PASCO COUNTY, Fla. -- While research from the CDC projects Alzheimer's cases are expected to double to 3.3% of the U.S. population ages 65 and older by 2060, minority communities expected to see the largest increases make up a small number of trial participants. Dr. Jennifer O'Brien, a researcher on USF's PACT Study, said last month during an Alzheimer's Association webinar that 90% of Alzheimer's trial participants are White.
What You Need To Know
- CDC research shows Alzheimer's cases expected to double among Americans 65+ by 2060
- Black and Hispanic populations projected to see biggest increases
- USF researchers say minority groups traditionally very under-represented in research, including dementia clinical trials
- Taneja College of Pharmacy dean says there's been a marked effort since start of pandemic to build trust among these communities
"In terms of clinical trials, no - the numbers don't surprise me at all," said Dr. Kevin Sneed, dean of the University of South Florida's Taneja College of Pharmacy. "Historically, we've had a very poor immersion rate when it came to African Americans, or just people of color, into clinical trials overall. Very often, you rarely find more than two or three percent of any people of color in those clinical trials unless you have a really targeted approach."
According to a 2018 study from CDC researchers, the Hispanic and Black populations are expected to see the largest increase in Alzheimer's and dementia cases, with projected totals of 3.2 million and 2.2 million cases, respectively. The report Latinos & Alzheimer's Disease: New Numbers Behind the Crisis from the USC Edward R. Roybal Institute on Aging says this represents a potential 832% increase among this group. O'Brien said last month the Black community could see a 193% increase.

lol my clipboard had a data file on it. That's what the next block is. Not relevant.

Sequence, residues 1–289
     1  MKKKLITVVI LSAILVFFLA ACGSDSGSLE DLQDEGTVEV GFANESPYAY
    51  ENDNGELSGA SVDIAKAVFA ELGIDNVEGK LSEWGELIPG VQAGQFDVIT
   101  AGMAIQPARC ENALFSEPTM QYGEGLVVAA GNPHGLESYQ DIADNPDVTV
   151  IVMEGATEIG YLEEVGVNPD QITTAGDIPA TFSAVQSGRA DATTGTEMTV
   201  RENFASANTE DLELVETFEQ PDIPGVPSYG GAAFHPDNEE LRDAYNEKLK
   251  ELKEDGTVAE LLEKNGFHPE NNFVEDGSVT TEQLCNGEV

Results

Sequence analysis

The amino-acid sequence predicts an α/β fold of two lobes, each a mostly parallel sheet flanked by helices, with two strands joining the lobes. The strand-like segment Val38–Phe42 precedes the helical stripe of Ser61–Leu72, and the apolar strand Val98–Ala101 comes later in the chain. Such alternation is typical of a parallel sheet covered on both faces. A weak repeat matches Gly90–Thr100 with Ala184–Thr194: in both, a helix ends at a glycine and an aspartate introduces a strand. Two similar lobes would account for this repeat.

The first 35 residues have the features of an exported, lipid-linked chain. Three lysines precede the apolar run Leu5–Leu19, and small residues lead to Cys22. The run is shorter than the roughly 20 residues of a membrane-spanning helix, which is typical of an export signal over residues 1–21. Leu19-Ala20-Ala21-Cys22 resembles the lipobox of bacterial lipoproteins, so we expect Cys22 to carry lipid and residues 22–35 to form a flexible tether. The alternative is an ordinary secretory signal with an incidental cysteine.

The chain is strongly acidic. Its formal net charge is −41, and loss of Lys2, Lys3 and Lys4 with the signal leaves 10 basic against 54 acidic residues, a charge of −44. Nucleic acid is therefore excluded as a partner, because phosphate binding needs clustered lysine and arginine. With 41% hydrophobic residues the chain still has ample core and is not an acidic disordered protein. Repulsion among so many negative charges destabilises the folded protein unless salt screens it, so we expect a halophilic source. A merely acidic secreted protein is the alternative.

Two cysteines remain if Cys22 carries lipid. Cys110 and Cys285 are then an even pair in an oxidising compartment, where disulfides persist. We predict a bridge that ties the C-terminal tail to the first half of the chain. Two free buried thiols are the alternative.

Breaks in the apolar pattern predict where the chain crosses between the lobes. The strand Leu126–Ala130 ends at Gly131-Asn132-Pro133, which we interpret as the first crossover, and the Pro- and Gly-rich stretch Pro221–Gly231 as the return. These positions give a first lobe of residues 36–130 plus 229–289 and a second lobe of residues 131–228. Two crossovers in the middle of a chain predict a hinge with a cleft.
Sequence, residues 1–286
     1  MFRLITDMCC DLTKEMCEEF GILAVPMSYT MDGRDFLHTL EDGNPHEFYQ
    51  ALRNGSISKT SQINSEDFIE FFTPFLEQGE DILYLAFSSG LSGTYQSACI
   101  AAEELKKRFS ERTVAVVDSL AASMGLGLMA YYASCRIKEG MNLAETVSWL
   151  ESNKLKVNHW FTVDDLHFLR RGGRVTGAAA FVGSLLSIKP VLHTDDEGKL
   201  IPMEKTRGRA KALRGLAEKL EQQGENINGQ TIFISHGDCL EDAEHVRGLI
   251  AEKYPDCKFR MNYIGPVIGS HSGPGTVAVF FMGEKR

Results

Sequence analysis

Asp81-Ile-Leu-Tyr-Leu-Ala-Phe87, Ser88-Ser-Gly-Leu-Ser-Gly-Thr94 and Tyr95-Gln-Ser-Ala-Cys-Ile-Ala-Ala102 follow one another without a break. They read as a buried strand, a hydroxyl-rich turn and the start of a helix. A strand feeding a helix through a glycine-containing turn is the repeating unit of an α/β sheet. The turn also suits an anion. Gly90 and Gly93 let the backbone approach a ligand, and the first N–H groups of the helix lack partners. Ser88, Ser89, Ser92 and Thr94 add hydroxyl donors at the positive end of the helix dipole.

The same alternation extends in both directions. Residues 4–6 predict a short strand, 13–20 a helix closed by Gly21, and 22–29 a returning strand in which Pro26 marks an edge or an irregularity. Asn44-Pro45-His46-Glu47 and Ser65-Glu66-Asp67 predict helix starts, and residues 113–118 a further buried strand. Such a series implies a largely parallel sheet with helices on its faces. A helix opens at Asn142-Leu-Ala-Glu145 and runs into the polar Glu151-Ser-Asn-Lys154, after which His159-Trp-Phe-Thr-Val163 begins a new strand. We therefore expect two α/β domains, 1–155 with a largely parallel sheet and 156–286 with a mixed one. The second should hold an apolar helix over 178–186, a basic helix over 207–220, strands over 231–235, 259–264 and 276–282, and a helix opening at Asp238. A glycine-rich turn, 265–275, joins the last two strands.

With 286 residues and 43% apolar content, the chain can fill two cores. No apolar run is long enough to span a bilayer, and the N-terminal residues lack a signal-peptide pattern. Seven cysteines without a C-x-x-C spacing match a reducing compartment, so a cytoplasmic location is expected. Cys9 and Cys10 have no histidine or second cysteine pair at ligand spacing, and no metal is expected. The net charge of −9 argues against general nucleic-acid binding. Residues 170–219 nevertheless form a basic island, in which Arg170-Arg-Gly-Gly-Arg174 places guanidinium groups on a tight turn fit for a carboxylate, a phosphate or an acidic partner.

"That's alarming. It's absolutely alarming," said Desiree Cheeseman, of Wesley Chapel.
Cheeseman is a Black woman who took part in a study called "Training the Brain" through USF. Despite having a grandfather who may have suffered from dementia, she said concern about the disease wasn't a main motivator for volunteering.
"Honestly, what caught my attention about it was that lessons for music were free," said Cheeseman.
A music lover, Cheeseman said she jumped at the chance to learn how to play the piano at no cost.
"I do know a little bit about how music is healing and helps with our bodies," said Cheeseman. "My son, he has a disability, and music does something for him. It is just absolutely amazing the way that music helps him out, and he even taught himself how to play the drums."
While Cheeseman said she didn't have any reservations about taking part in research, she thinks past violations of trust, like the Tuskegee experiment, may play a role in why members of the Black community don't take part in research more often. She said she saw some of that hesitancy in her late mother, who passed away after a battle with cancer.
"There were some treatments, and she only chose to do one of those treatments," said Cheeseman. "The other treatment that they wanted to give her, she felt that she was being tested or being a guinea pig for the treatment, and she was hesitant to participate in that one."
Cheeseman said the trial she took part in didn't involve any drugs or injections and was more focused on memory skills.
Sneed said since the pandemic, the research community has undertaken more of an effort to build better trust and communication with some of these communities, including through USF's WE-CARE program.
"That will only, in the long term, help them out, or help out people from every community when they have a health ailment," said Sneed.
Sneed said diversity in clinical trials is important because they're involving more and more genomic research that focuses in on a person's genetic foundation and what drives an individual's health.
"So, the more people of diverse backgrounds that we get into clinical research and begin to understand what's happening at the cellular level, the greater chance we will have to really hone in on more effective, personalized treatments in the future," Sneed said.
To learn more about Alzheimer's clinical trials that may be a good fit for you, click here.